Data nerds Jon Schleuss and Anthony Pesce started the union at the L.A. Times. Learn how they relied on good data, used the company’s technology against it and organized the newsroom at a historically anti-union paper.
When starting out as a digital specialist at a big, traditional broadcaster, I thought it would be enought to inform journalists how to go about their digital business. But journalists generally don't have time to read the manual, they certainly don't appreciate being told how to do their jobs, and they don't necessarily agree with you that what you know is relevant. Those were just a few very hard earned lessons that came in handy when starting up a new digital project at the same company. This time however, I had a manual. So here is the cynic's handbook to surviving as a specialist in a sea of corporate know-it-alls.
Whether you're new to data journalism or an experienced newsroom developer, it's easy to get overwhelmed by all the stuff there is to learn--especially at a conference like this, surrounded by so many smart people and cool projects! Let's fight off imposter syndrome and decision paralysis with an effective strategy for boosting our knowledge and our self-confidence: becoming a "tiny expert" in just one tool, API, or process, then doing it again and again. I'll talk about how I've used this over the last couple of years to keep myself motivated as a team of one, explain about how I find bite-sized problems to solve, and give examples that you can use to start your own journey toward tiny expertise.
SOFTWARE or VAPORWARE is the game where YOU try to guess which features are real and which are an impossible dream. This episode features WORKBENCH, the new open source data journalism platform which *may or may not* scrape any web site, fix typos in 17 languages, produce embeddable pie charts, pilot small aircraft, send alerts when new data is published, automatically map a dictator's shell companies, and make coffee. You'll be THRILLED by what software can do, and be SHOCKED by what turns out to be difficult, when you play SOFTWARE OR VAPORWARE!
A quick talk on data viz and how two fairly simple statistical tests challenged: 1) the state health department's narrative on a researcher's early work on lead poisoning in Flint 2) the interpretation of the performance of charter schools in relationship to traditional public schools in a state department of education report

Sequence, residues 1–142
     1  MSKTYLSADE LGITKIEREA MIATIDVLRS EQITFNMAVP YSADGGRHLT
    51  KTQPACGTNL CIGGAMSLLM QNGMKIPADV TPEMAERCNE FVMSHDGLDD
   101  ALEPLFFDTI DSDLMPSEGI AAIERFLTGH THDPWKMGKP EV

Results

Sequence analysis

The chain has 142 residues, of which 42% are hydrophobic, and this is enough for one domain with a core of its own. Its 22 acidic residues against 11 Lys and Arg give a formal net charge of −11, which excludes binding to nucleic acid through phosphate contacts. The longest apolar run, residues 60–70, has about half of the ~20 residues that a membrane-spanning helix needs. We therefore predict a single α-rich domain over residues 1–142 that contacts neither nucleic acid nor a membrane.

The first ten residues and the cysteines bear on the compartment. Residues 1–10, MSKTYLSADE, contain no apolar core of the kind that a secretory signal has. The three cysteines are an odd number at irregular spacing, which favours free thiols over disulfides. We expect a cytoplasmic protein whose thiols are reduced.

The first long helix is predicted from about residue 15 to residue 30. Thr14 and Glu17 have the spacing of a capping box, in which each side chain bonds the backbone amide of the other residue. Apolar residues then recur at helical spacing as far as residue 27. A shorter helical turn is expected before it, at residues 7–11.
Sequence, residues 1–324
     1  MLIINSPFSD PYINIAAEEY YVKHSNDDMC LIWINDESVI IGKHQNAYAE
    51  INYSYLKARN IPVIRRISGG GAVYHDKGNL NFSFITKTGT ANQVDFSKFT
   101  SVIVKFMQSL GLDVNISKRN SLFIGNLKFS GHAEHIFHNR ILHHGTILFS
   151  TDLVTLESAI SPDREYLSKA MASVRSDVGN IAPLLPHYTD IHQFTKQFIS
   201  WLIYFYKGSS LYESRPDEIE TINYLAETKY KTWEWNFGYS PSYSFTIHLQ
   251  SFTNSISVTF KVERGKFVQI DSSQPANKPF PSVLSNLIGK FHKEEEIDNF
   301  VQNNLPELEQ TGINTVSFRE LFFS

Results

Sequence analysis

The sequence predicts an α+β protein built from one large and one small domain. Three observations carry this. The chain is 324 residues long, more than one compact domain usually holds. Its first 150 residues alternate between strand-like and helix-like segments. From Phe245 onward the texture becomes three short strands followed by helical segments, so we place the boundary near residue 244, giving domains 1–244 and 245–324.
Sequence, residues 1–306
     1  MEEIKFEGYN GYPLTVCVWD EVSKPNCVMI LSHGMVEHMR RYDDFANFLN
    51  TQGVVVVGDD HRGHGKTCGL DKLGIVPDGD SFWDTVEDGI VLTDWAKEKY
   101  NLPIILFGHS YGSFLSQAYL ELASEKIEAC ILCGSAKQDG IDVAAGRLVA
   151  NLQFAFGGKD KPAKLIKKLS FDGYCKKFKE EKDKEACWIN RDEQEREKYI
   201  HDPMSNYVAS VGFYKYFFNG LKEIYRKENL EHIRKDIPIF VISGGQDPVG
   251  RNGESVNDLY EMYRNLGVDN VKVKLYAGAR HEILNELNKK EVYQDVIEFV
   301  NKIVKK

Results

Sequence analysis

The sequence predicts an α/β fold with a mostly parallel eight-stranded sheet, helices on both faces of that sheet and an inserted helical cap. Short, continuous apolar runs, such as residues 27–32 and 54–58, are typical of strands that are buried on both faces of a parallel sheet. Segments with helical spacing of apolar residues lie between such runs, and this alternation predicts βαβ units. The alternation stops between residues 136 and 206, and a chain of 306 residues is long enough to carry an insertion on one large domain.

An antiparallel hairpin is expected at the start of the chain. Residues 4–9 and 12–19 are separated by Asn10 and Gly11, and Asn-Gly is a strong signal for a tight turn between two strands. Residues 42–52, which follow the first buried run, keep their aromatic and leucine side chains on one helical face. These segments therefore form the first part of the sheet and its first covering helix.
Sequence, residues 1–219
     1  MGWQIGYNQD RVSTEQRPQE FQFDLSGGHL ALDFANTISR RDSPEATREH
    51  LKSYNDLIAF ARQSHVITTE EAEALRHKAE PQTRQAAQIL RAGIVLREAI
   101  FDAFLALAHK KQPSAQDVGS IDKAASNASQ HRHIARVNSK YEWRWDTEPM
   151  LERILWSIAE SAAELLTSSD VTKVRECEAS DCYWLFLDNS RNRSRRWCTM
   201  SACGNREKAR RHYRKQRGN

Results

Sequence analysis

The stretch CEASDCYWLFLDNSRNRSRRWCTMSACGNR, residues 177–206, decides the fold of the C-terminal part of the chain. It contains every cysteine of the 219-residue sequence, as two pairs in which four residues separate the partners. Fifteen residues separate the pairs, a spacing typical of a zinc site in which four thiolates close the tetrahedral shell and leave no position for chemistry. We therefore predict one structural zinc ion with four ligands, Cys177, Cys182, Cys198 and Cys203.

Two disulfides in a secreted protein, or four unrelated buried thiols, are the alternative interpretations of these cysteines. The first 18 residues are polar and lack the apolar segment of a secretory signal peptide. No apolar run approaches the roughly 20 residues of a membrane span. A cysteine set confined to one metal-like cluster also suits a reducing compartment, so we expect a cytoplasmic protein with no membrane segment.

On April first, in years that end in zero, we participate in a unique national moment. We exercise our constitutional right to be counted in the Decennial Census, a count that influences the structure of our political system, and dictates how $600 billion in federal funds are allocated to local cities and towns. But the Census needs our help. In 2020, it is a high wire act -- our first "online" count, it is sorely underfunded, behind schedule, and dealing with late demands from the DOJ and others. All of this could warp the count, in disheartening yet predictable ways. We are building a National Journalism Network to help cover the 2020 Census. We are forging new connections between local newsrooms and local statistical, computational and demographic expertise to tell stories of the importance of the Census, and to help fend off the inevitable challenges attempting to discredit the count. Join us! A bad Census could bankrupt data journalism for a decade.
Working with wood is more like working with data than anything else I've ever done. It also taught me a lot I never would have considered otherwise. Allow me to be the Nick Offerman of data and impart my experience to you and I'll give you both a new perspective on data and a design for a functional extendable dining room table.
We use data journalism all the time to measure whether public goods – like police protection, or political representation, or educational resources – are being distributed equitably among the communities that our governments serve. If we want to improve the public's trust in our news institutions, we could use similar techniques to check whether our journalistic resources are also being allocated fairly among the communities we cover. We're developing some data tools to help newsrooms do just that – let's work together!
Data journalists love to talk about precision. So do copy editors! I'll show you how thinking like a copy editor can help you find bugs, lock down your methodology and ensure your stories say exactly what you mean.